From our time with the game, it's very apparent that stealth and strategy are key in The Last of Us. Though handguns, revolvers and shotguns become available in the game, ammo for these weapons is scarce. Picking off enemies one at a time or bypassing clusters of infected all together is wise when the opportunity presents itself.

"We have lots of debris around the environment with bricks, bottles, and 2x4's that you can always use to try to get the upper hand on your opponent; either by using them to distract the opponent, by throwing them to another part of the environment and drawing their attention that way so you can then take them out stealthily," Wells said. "Or using them just as a blunt implement to hit them directly, to throw them at your opponent to stun them so you can go up and open up a fist combo or get a good headshot in with a ranged weapon."

Collecting items plays into another main feature of The Last of Us, the crafting system, which allows Joel to create weapons and health items like med kits. By searching locations and collecting various items such as batteries, duct tape, scissors and more, Joel can also combine items with melee weapons to upgrade them. As you progress through the game, more crafting recipes will be unlocked.

Although we didn't get to see the full extent of what the game's ally and enemy AI could do during the demo, Wells gave us some additional details on what players could expect in the full game. As seen in this and previous presentations, Joel will have Ellie as an ally and she will develop survival skills over the course of the game. Because we played through a beginning portion of the game in the demo, Ellie wasn't able to team up with Joel to defeat the infected, but Wells explains that further into the game, Ellie will be able to take a more active role. "We have the ability for our allies to help Joel if he gets pinned by the infected or another human the ally can step in and rescue him."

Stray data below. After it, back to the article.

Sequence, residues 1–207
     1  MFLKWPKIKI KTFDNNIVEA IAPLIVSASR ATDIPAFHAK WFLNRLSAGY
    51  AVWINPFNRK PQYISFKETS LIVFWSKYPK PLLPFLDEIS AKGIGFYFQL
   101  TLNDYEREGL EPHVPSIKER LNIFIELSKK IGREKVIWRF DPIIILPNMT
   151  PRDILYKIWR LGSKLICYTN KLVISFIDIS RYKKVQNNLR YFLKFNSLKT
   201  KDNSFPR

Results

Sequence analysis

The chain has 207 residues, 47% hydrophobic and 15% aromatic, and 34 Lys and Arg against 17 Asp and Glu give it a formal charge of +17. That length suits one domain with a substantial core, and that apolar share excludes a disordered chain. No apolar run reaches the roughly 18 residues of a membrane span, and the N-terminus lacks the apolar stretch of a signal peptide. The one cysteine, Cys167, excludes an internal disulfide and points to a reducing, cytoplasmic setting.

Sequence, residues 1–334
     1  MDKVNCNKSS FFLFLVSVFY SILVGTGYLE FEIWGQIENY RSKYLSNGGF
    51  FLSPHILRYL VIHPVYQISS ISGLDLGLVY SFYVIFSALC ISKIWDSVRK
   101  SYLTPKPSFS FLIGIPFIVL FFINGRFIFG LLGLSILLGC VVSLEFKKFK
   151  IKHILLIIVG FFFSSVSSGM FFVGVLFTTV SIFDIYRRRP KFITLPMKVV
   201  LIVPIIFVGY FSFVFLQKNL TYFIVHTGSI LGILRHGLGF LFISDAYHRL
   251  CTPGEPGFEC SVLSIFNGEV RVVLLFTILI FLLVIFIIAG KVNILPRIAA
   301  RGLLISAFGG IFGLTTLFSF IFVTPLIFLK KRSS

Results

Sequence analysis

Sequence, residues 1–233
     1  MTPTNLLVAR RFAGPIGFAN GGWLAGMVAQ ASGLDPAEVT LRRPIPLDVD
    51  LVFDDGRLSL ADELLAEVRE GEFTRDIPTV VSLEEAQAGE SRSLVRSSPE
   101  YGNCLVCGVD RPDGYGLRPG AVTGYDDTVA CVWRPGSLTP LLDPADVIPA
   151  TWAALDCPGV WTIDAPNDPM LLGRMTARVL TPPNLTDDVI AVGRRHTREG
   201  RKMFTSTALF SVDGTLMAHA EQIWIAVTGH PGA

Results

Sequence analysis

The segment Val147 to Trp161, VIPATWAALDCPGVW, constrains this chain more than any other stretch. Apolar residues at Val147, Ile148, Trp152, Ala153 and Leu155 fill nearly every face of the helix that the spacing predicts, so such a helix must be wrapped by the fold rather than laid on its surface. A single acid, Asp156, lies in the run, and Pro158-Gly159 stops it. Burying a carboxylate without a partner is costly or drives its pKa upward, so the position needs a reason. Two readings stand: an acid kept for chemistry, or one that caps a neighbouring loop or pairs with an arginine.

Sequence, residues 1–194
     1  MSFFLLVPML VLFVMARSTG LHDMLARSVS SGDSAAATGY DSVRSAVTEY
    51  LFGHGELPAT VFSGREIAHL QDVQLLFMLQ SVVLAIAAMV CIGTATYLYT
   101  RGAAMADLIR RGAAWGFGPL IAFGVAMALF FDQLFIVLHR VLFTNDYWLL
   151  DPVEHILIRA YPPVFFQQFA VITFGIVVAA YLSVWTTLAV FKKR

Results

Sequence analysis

Wells also confirmed that although the player would not be able to give direct commands to Ellie or other allies, the AI system would be able to react to each situation based on a number of factors. "They're constantly analyzing the situation," Wells said. "They're looking at how many bullets you have. They're looking at the odds you're up against. And how much they're going to help out depends on sort of the situation that you're in."

As useful as allies can be in The Last of Us, Joel must also look out for his partners since they can become overwhelmed by enemies too. "[It's] a balancing act," Wells said. "We don't want that to become a chore, so you're constantly feeling that you're having to rescue them, but at the same time you feel like they're really in this environment and facing every bit of the threat that you're in."